Thank you all SO much for all the feedback and excitement for Aerodynamics so far. We’ve all been amazed at the incredible experiences that you have shared.
Today, we’re introducing three highly requested capabilities for our existing Aerodynamics studio beta:
- Aerodynamic forces now include buoyancy!
- More control of performance tuning with
- A whole slew of debugging visuals
Let’s dive in!
Now, all parts that have
EnableFluidForces = true can experience forces due to air buoyancy as well! When the density of your part is different from the surrounding air, your part will feel a force equal to the weight of the volume of air it displaces. With this beta, we are also reducing the lower limit of
0.0001 so you can have parts that are lighter than air. This opens up the possibility for balloons, hot-air balloons, or even blimps that can react to Aerodynamic forces. Remember that air density decreases with altitude (see this section in the earlier post for more details) so your hot air balloons will eventually reach an altitude where its density is equal to the air density, just like in the real world!
One of the top pieces of feedback we received was that people wanted more control over tuning performance for their creations. In response, we are introducing a new per-part dropdown called:
FluidFidelity, you can choose whether to optimize for performance or precision when calculating Fluid forces. Over time, though, we hope that this choice will eventually not be necessary.
This API addition also fixes an earlier issue of pre-existing MeshParts and PartOperations not automatically experiencing aerodynamic forces so you will no longer need to run the script to enable Aerodynamics on pre-existing MeshParts.
If you have used the
CollisionFidelity drop-down before,
FluidFidelity should feel pretty familiar. You have three options:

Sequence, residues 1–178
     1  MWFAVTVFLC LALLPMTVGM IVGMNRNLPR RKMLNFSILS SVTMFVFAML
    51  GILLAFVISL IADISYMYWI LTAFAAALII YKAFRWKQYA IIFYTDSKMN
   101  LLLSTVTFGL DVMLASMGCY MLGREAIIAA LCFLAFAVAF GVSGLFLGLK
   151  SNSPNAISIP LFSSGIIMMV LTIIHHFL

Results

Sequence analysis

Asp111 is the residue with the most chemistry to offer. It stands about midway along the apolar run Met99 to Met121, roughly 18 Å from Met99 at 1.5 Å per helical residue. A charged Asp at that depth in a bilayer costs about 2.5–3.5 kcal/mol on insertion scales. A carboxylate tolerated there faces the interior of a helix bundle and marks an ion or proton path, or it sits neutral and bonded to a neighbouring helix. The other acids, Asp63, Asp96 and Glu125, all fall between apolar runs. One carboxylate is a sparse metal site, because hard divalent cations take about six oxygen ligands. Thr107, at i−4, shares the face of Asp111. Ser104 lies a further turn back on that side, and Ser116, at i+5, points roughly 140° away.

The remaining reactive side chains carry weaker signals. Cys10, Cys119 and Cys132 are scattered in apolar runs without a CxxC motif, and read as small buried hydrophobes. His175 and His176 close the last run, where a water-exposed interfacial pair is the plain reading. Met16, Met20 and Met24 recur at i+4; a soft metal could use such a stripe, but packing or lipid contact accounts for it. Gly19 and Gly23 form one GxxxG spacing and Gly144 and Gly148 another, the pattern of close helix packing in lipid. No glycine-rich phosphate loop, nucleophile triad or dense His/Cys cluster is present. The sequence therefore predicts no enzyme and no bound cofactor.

Automatic (Recommended) is the default for all parts and will automatically select the best option for your part. As our algorithms improve, choosing this option will ensure that you always get the most optimal choice.
UsePreciseGeometry will force the Aerodynamic subsystem to process and store a more precise fluid fidelity mesh for Aerodynamic force calculations. This will give you the most precise results for force calculations at a nominal memory cost and is recommended if you have parts that are not behaving as expected with the
Automatic option above.
UseCollisionGeometry will force the Aerodynamic subsystem to use the same geometry that is generated to calculate collisions to also calculate Aerodynamic forces thereby using less memory. This option will work great for most things in your experience and will provide great performance too. Only select this option if you want to force the system to use the collision geometry to calculate Aerodynamic forces (and effectively opt-out of switching automatically to any future algorithmic upgrades). In general, you should leave the
FluidFidelity option set to
Automatic unless a specific part you are working on works better only when using the
You can always go to Studio Settings > Studio > Visualization > Show Decomposition Geometry to view the geometry that is generated and verify that it is as expected.